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Lending a Helping Hand after Irma, Harvey, and other Hurricanes

 

In the photo is a Houston area home with storm damage after hurricane Harvey . There are plenty of ways to help. See volunteer and donation opportunities at www.nvoad.org/voad-members/national-members . Photo by Christy Volanski.

Recent images of hurricane Irma and Harvey’s devastating impacts remind all of us living along the Gulf just how powerful tropical cyclones can be. There’s a Gulf of Mexico kinship we all feel. Even more today since Irma has put our Florida homes and cities in the news just like Harvey did a few days ago in Texas.

Ivan, Dennis, Katrina, and Ike are names that conjure personal memories of past storms that I’ve lived through and helped others recover from. Every storm’s impact and response is different but the main question is always the same, “What can I do to help?”

Help is the keyword. Showing up in a disaster area without a plan, without training, or without the support of a recognized and welcomed organization is potentially risky. Rogue, unaffiliated volunteers put themselves and others at risk by being in the wrong place at the wrong time. Just showing up is not help but compounds emergency recovery efforts.

Donating money is the best method to quickly provide resources where they are needed the most. Donating the wrong items can burden damaged communities and waste efforts. A better place to start to help is Volunteer Organizations Active in Disaster or VOAD for short, http://NVOAD.org . VOAD includes well known response organizations like the Red Cross and Salvation Army, and other non-profit or faith-based organizations which specialize in community disaster recovery. You can visit their webpage to donate to specific recovery efforts and to learn about volunteer opportunities. VOAD organizations support volunteers with training, coordination with emergency managers, and often provide volunteers with some types of work insurance coverage. Similar opportunities and information can also be found with Volunteer Florida at https://www.volunteerflorida.org/irma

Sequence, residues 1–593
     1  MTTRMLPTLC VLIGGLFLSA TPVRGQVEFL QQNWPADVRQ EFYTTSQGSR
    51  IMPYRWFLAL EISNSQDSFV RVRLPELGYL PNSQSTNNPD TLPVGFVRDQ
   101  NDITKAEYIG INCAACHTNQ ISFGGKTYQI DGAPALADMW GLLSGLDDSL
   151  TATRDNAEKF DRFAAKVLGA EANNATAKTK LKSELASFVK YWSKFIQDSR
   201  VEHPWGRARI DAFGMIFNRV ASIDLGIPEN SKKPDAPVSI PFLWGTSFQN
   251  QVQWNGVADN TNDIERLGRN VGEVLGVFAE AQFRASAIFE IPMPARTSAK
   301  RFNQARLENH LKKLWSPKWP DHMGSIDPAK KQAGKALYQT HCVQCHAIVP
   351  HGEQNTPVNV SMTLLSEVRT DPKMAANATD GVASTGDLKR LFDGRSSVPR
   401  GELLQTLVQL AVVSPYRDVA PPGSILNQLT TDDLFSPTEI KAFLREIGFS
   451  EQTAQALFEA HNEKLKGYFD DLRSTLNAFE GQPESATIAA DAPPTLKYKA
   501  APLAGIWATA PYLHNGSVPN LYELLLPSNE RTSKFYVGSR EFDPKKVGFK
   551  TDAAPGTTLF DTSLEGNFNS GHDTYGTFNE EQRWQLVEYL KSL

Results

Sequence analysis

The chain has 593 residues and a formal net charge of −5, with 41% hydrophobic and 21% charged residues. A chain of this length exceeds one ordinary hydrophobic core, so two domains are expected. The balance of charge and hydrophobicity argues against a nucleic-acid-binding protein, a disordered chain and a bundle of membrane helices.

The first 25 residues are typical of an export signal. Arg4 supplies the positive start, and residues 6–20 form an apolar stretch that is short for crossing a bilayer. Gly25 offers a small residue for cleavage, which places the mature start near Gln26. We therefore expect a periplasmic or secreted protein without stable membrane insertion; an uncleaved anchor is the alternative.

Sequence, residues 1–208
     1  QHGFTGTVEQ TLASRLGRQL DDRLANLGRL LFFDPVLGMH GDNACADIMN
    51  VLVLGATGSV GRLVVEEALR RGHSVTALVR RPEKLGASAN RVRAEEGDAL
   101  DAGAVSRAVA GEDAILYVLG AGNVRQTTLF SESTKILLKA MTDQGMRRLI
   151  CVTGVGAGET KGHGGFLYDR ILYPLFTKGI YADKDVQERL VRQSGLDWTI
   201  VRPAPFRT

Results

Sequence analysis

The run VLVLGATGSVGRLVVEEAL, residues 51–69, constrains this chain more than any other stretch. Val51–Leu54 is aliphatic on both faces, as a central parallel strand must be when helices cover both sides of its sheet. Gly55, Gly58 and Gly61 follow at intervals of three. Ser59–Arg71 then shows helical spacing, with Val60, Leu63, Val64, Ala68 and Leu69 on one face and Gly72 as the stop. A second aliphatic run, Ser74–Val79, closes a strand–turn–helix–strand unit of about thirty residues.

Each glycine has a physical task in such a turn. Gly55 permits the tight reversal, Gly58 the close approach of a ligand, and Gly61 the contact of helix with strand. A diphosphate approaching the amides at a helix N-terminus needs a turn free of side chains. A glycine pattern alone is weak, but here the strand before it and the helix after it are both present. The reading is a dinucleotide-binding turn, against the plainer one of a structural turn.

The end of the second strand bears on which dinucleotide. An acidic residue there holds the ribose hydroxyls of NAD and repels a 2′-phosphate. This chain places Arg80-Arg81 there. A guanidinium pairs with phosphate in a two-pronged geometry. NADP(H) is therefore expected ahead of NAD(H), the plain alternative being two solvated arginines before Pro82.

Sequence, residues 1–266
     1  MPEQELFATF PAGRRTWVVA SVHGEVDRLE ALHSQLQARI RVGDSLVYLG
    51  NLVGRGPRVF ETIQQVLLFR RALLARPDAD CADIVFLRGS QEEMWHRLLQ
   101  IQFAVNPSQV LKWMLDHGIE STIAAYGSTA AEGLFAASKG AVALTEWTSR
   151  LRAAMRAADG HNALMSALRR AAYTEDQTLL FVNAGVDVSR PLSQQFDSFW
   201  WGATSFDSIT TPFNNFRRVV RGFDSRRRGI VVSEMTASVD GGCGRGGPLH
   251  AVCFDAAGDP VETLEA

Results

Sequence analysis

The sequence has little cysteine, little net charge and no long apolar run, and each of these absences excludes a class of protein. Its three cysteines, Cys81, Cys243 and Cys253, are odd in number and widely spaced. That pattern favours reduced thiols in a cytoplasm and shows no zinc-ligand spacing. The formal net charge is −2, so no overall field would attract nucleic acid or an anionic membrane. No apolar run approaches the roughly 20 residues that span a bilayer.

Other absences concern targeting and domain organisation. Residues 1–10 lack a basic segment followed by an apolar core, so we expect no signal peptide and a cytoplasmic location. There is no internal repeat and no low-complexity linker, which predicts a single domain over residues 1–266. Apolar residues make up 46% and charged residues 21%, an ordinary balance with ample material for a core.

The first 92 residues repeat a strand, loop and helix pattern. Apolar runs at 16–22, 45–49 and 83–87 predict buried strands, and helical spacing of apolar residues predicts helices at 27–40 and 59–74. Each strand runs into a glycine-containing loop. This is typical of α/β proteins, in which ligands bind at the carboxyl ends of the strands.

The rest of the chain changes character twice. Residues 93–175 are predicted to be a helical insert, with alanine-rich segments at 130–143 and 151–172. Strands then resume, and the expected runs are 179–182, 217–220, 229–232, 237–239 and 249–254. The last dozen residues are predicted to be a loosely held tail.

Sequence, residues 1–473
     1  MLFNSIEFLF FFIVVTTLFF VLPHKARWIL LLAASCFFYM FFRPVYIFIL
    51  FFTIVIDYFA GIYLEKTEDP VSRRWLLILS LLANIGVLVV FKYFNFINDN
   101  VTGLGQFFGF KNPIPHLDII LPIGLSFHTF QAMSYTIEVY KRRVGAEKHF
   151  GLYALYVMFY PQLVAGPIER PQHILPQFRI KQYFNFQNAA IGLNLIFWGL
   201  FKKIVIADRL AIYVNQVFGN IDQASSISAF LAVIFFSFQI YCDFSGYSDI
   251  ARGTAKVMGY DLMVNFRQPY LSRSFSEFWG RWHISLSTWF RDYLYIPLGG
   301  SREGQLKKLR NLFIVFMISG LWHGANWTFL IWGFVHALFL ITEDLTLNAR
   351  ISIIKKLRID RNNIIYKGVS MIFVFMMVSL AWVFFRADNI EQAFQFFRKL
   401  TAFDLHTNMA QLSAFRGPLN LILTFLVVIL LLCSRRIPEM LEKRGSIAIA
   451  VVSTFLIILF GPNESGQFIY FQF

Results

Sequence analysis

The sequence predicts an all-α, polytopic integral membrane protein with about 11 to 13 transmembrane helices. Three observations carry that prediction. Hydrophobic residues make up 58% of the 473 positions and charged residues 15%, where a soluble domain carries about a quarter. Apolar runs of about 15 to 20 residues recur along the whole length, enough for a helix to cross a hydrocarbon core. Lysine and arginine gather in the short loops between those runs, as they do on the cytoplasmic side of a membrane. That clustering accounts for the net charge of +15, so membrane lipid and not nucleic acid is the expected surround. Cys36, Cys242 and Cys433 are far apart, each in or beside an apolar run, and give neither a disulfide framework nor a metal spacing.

The severe impacts from Irma and Harvey will extend recovery for several years, so there will be ample opportunity for individuals to help immediately and into the foreseeable future. Harvey’s flooding reminds me of Katrina. I volunteered months after the storm with a faith-based organization to help rebuild a church in St. Bernard Parish. This church became a focal point to help distribute clothing, food and other resources as local families recovered. Another time we assisted flood victims on the Wakulla River, volunteering with the Salvation Army. This organization provided us with training and support as we helped with mud-outs, removing sediment flooded homes. Look for similar opportunities in responding to Harvey and Irma. These are just two examples of many ways you can help make a difference.

Now is the perfect time to contact one of the VOAD organizations or with Volunteer Florida if you are interested in volunteering. Floodwaters will soon crest, safe access will be restored, and assessments will be completed. As a result, restoration efforts will be prioritized, timed, and coordinated to meet local needs. Quality trained volunteers are needed to help life return to normal. You can be the answer to prayers all across the Gulf.

PG

Author: Scott Jackson – lsj@ufl.edu

UF/IFAS Bay County Extension Florida Sea Grant Regional Specialized Agent (Artificial Reefs and Fisheries)
http://bay.ifas.ufl.edu

Panhandle Outdoors

Permanent link to this article: http://franklin.ifas.ufl.edu/blog/2017/09/13/lending-a-helping-hand-after-irma-harvey-and-other-hurricanes/